The heart behind the conference

Students share their interest in volunteering for Missions Conference and their contributions to the preparations.


Senior Vanessa Munoz, sophomore Mariah Menard, and senior John Vogel, all members of the prayer and worship team, hard at work preparing for Missions Conference. | Amber Nunn/THE CHIMES

Emily Ednoff, Writer

Since the fall of last year, the Missions Conference staff committed their weekends to prepare for the event. Every Saturday from 9 a.m. until noon, oftentimes even later, the various departments have been hard at work designing, decorating, researching and laboring. Whether in global awareness, interactions, prayer and worship, logistics, marketing or hospitality, each volunteer used their individual abilities in order to accomplish the final product. On Sunday nights from 9 to 11 p.m., they gathered in their teams in order to pray, discuss and participate in team building.

The conference is intricately woven together over the course of an entire year with the help of a staff of eighty students. The night before the conference entails hours of setup and an abundant amount of manpower, but it is the students who have dedicated their time and effort for the past five months that allow Missions Conference to run smoothly.

Sophomore English major Claire Zasso works for the hospitality department, helping the speakers and the bands feel welcome and comfortable. She even inquires about the guests’ favorite snacks and talks with them about their lives. Zasso’s passion for Missions Conference results from her experience at last year’s conference.

“I went to Missions Conference and it impacted me so much, specifically a seminar from Samaritan’s Purse. It just reminded me that God has given me this heart for children and for adoption. So hearing from that organization was really moving and powerful for me,” Zasso said.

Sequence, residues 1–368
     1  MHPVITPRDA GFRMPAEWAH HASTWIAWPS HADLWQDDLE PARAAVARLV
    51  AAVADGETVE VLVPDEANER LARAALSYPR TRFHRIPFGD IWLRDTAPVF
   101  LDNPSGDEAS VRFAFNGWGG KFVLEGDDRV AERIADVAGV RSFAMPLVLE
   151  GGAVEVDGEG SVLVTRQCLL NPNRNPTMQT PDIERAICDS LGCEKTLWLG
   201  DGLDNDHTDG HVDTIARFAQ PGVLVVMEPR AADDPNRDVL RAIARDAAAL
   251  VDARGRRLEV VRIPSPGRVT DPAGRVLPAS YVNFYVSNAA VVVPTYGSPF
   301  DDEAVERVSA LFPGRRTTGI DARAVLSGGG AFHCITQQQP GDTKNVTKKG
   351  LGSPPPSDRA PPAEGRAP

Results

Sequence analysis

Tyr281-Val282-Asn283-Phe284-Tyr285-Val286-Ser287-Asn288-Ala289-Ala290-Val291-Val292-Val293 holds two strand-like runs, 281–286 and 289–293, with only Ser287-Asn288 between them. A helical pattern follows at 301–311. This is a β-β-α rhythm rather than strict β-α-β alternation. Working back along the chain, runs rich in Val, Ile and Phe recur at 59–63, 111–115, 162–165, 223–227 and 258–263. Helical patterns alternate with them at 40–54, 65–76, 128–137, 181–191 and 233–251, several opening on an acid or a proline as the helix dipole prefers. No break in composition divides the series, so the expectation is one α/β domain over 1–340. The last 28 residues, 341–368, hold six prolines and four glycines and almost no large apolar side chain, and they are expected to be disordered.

Zasso says she looks forward to the Biola community gathering together and getting back to the basics of the Gospel, having both witnessed and participated in the strenuous effort that goes into the conference.

“You get this backseat perspective and you get to watch everyone else experience the things that we’ve been processing and meditating on all year,” Zasso said.

Sophomore political science major Joy Nguyen served in the interaction department working hard to decorate the campus. From spray-painting to paper mache, Nguyen and her team designed and carried out various decorative projects. Her experience at last year’s conference compelled her to want to be a part of the operation this year.

“An integral aspect of being a Christian is using your gifts, using those things that God equips you with and your experiences and the special burdens on your heart to bring faith to all the ends of the earth,” Nguyen said.

The director’s vision for Missions Conference means to cater to the students attending the conference and impact the staff as well. Sophomore public relations major Angel Jesudasen discussed how her perspective on missions altered through the process of volunteering in the sessions department, specifically in caring for people.

“They’re redefining what missions is, locally or globally, in your job, at school — anything can be missions,” Jesudasen said.

Sophomore intercultural studies major Jake Nagy expressed his gratitude and appreciation for the conference.

“The fact that this school takes three days out of our schedule to focus on the Great Commission … I looked at a lot of schools and I never found anything like this school and this conference. It’s special,” Nagy said.

Nagy works with the prayer and worship department. He took charge of the fireside chat that occurred last Sunday in order to prepare students’ hearts and minds for the conference. The theological discussion about adoption stirred his heart.

“There might be a little boy or girl who will have a family someday, maybe many years down the road, because of a seed that was planted in this conference,” Nagy said. “It’s not just a three day conference, it’s something that’s reaching far out to impact this world, and I want to be part of that.”

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